By Jacob Hoytema –
Walking the Camino de Santiago took Peter Coffman about two months in spring 2004. His book about the travel — appropriately titled, Camino — has gone through an even longer journey to manifestation, and will finally launch at an Ottawa event later this month.
The Camino, whose name means “The Path of St. James,” is an ancient route of pilgrimage in northern Spain that ends at a cathedral in the city of Santiago de Compostela, the traditional burial site of St. James. Catholic pilgrims and other travellers have been making the journey to the shrine for about a millennium. Professional photographer, architecture history professor, and Hintonburg resident, Peter Coffman, decided to contribute his own footsteps to the path with a friend some fifteen years ago.
The idea arose when, on holiday in France, Peter and his wife encountered a pilgrim who would make music in each of the churches along the Camino’s traditional pathway. Peter was so intrigued that he proposed a similar pilgrimage to his friend Oliver Schroer, a violinist. After a few years, they finally decided to set aside time for the trip, and in May 2004 convened with their wives at a point in central France.
From there, the four of them hiked about a thousand kilometres to the route’s end, stopping in cathedrals and villages along the way, Peter taking photographs and Oliver setting up his recording equipment to capture pieces of warm, yet haunting violin music. Oliver would later release these recordings as the critically acclaimed album, also titled camino. Tragically, Oliver passed away in 2008.
In the thirteen years since returning from the journey, Peter has given numerous talks, presentations and exhibitions of his photography. Camino will feature Peter’s pictures and new writings and reflections arranged by themes, not chronologically. His pictures and Oliver’s music almost always accompany each other, and this new book is no different, as it comes with a download code for new bonus material from Oliver’s album.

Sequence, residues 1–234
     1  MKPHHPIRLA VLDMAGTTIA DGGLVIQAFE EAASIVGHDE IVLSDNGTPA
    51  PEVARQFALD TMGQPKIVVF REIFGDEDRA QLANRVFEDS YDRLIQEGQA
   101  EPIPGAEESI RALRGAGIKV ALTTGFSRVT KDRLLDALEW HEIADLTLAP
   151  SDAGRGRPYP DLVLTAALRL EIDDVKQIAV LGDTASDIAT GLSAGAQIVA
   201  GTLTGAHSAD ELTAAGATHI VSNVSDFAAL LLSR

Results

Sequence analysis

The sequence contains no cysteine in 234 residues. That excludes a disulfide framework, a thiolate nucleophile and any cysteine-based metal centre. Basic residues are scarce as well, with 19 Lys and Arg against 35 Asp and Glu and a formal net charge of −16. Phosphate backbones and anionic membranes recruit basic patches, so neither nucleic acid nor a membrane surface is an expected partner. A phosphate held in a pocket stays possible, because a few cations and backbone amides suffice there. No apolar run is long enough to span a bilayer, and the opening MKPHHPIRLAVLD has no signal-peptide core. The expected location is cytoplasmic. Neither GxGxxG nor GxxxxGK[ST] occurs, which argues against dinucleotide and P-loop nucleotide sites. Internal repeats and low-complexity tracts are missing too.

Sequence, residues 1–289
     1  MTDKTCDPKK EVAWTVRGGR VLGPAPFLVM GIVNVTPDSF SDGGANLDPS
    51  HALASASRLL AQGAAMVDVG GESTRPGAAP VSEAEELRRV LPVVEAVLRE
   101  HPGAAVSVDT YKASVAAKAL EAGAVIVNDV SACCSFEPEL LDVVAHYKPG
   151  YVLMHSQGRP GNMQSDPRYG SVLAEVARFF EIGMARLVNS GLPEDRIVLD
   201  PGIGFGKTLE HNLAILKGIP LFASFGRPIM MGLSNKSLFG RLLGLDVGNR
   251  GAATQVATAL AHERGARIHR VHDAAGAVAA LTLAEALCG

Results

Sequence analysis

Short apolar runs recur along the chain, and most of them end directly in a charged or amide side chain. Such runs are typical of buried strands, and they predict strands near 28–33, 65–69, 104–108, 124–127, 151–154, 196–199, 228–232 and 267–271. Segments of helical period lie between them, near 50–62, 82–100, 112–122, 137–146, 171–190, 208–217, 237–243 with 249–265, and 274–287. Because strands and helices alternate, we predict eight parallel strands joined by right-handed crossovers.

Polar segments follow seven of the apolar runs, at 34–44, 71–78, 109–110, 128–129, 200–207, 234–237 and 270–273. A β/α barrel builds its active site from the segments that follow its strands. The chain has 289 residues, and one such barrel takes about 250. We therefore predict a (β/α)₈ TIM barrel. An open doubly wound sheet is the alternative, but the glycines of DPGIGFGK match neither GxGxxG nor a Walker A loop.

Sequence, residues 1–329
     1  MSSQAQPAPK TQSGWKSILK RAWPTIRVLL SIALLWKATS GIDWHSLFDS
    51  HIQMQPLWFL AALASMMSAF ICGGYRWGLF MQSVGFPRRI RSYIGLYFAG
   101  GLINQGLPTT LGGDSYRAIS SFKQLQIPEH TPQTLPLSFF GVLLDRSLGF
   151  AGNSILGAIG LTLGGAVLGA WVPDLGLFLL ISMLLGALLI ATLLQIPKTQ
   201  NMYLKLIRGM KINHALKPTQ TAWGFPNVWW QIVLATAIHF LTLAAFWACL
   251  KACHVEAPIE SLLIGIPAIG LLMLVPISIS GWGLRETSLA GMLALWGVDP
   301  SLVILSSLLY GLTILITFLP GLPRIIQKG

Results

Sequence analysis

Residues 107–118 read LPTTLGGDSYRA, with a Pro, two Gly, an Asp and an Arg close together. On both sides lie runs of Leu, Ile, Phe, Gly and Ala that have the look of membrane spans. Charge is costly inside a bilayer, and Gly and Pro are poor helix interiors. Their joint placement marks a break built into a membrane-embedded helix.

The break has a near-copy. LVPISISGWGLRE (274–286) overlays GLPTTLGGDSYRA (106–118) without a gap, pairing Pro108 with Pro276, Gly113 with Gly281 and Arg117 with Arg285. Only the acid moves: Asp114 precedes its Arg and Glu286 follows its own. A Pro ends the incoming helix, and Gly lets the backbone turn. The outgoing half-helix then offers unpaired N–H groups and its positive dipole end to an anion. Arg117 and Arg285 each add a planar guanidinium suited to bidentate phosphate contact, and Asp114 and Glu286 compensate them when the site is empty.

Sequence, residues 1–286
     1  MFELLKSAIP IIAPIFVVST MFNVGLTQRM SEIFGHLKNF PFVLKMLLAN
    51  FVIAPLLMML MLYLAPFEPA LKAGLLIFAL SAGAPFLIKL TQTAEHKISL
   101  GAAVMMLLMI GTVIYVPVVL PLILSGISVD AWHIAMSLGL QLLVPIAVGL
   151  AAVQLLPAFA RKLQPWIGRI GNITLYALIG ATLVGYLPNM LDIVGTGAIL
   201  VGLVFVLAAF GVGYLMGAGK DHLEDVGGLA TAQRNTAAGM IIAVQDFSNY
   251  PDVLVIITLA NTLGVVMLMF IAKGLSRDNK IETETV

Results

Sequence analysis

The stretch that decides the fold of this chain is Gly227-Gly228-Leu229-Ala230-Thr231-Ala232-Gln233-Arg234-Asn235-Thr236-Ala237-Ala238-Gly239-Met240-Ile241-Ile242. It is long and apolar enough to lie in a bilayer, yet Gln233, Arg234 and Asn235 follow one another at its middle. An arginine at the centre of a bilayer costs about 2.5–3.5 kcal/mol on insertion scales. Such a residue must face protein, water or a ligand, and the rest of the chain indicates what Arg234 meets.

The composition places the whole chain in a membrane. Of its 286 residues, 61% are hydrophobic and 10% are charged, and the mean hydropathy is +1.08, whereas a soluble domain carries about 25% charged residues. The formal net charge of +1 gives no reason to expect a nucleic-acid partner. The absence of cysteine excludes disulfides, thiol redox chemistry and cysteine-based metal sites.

“All the elements, the writing, the music, the photography, have converged in this book, now because of circumstances. Much like the Camino in a sense, that when the time is right, and when everything seems to point in a certain direction, then that’s the direction to go in,” Peter describes.
Hearing Peter speak about the Camino impresses on the listener just how powerful the journey is, as well as how passionate about it Peter remains. Although his visit was years ago, he still speaks of it with the same awe as if he had just returned yesterday. He refers several times to the feeling of “falling into fellowship” while walking the ancient road, finding community with fellow travellers, as well as with the countless pilgrims of the past.
(Click photos to enlarge)
Peter has been cultivating some praise for capturing in his book an accurate depiction of the traveller’s experiences along the Camino, a journey whose sensations are reputedly difficult to describe. “It is not easy to catch the subtle nuances of the inner journey but [Peter’s book] has succeeded where many fail,” writes John Brierly, an author of several guidebooks about the route.
One’s impressions of the pilgrimage seem to have an impact on the travelling experience itself, as expectations can fall out of line with the unique journey that actually occurs. Indeed, Peter said that while he hasn’t “ruled out” another visit to the Camino, he’d need to be careful not to let his memories of the first journey interfere with a new adventure.
“I’m not in any great rush to [do the Camino again]. If I did it again, I would have to find some way to do it very differently… what you don’t want to do, especially in this case because it was such a singular experience, I wouldn’t want to go do it again and have some little corner of my brain keep thinking ‘why isn’t this happening like it did last time.’”
The book launch will take place at Friends of Earth (251 Bank St.), at 7 p.m. on Friday, November 10.
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